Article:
Moving into Phase Four of Marvel’s Cinematic Universe was going to be a challenge for me. Most of the characters I was long familiar with were being retired from active film service. I knew that new storylines and characters were coming, I just was not sure how I would respond to them. When Doctor Strange showed up in the MCU, I did not think I would care much for that type of story. It did not take long for me to take to it with enthusiasm. I felt the same way going into this film. I thought it might be OK, and I would live with being a little underwhelmed. It is so great to say I went the other way. This was a blast, the character has great potential, and the world building in this was not so convoluted that I rejected it out of hand. When taken on it’s own out of context, it is pretty darn great. 

There are comic fans who grow weary of origin stories, but I am not one of those. I enjoy discovering the background of a superhero, learning about their human weaknesses as well as their strengths. If you create a rich environment and colorful characters to go with the hero, so much the better. Shang Chi starts in the past, travels to different dimensions, operates in familiar contemporary environments and then takes us back to those magical dimensions that we started off with. This film also manages to accomplish something a lot of comic book movies fail at, creating an interesting climax for the final battle of the movie. We were given enough information to know that we should dread something that is coming, but it was not belabored and when it arrives, there are still surprises for us and some tension as a result.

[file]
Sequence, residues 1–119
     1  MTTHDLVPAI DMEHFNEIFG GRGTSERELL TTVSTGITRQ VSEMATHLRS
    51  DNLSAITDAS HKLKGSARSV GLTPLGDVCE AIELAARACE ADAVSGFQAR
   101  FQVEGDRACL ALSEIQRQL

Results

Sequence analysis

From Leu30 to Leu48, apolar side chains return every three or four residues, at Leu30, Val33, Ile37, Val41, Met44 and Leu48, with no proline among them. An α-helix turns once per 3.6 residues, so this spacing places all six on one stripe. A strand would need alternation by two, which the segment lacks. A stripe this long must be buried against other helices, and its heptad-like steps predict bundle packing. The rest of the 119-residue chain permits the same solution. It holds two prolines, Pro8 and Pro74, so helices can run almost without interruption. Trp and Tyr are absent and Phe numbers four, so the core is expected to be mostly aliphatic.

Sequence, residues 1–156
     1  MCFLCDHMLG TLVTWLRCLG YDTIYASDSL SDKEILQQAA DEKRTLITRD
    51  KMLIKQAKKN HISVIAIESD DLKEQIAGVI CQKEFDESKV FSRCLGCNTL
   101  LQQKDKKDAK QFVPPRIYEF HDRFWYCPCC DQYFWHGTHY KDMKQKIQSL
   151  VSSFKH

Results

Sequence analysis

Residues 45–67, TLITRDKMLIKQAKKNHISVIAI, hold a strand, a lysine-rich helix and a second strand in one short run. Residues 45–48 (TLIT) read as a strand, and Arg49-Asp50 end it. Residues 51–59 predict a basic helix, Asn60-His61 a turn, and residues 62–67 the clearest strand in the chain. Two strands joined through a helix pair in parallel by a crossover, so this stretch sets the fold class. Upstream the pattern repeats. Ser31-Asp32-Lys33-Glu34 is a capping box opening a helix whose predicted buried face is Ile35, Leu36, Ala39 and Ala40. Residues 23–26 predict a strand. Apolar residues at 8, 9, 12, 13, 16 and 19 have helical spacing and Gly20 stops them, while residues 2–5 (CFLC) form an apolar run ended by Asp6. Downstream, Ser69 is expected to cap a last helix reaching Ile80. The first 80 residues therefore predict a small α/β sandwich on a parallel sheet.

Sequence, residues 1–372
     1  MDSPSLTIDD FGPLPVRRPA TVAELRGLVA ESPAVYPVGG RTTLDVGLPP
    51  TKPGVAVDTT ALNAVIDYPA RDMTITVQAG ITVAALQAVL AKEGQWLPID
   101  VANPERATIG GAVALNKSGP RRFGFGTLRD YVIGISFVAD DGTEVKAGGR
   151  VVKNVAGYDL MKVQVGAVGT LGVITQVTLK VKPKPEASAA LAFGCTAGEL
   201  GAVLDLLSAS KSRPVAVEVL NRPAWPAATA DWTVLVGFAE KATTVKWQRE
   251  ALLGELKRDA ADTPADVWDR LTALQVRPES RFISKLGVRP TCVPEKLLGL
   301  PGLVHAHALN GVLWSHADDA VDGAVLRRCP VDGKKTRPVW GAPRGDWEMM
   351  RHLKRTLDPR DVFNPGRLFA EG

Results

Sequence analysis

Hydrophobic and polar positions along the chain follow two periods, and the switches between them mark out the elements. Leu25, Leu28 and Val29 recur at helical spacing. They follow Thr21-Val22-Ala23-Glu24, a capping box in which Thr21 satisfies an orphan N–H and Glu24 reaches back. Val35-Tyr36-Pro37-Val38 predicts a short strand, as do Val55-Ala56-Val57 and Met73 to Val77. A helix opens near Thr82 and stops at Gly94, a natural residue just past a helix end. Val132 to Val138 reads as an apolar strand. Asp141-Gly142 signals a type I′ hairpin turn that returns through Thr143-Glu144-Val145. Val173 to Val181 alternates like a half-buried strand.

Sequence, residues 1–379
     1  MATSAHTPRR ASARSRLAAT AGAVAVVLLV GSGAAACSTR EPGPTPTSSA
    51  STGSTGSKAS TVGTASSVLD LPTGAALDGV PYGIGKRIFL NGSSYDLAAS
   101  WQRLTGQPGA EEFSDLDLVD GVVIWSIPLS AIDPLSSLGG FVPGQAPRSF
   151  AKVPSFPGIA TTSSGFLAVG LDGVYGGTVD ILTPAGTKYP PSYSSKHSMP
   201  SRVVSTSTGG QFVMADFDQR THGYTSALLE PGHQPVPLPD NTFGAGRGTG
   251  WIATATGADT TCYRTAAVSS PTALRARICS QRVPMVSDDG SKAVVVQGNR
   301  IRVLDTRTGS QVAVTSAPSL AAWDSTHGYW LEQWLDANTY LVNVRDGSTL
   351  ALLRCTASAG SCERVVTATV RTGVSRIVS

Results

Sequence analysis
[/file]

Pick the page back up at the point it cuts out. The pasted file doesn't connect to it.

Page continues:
I’m not sure I would love a whole comedy show by Awkwafina, but I have been given enough of her in movies the last few years that I appreciate the dose level she is providing at the moment. Whenever she is on screen, expect a little injection of fun. When she gets some opportunity to act she has been solid (The Farewell), and in this movie, she gets to be more than the comic relief. There are a bunch of wonderful actors that I am not familiar with because they appear primarily in television shows or in Asian language films. Tony Chiu-Wai Leung as the powerful and evil Xu Wenwu was appropriately conflicted, he is more tunnel visioned than bad in this story. Simu Liu was great as the lead, he is not simply an iron fisted warrior, but presented as a complete character with a sense of humor and a young man’s foolishness. Michelle Yeoh, provides an elegant touch with aging beauty and wisdom to go with her character’s stern demeanor and family traditions. 

Because there are some connections to earlier MCU films, it would be a spoiler to reveal too many appearances by other actors. I will say that the presence of one character in particular helps redeem his storyline in an earlier film, and makes this one the sort of fun movie we have expected from Marvel since the first “Iron Man”. So even though the earlier MCU films have played out their plots, there are still strings to be tugged on, and doing so has lead not to the unraveling of an intricate piece of knitting, but rather it reveals some hidden gems that we will get to explore more. It’s great when a movie is so much more than you expected, “Shang-Chi and the Legend of the Ten Rings” is one of those. 

Free Guy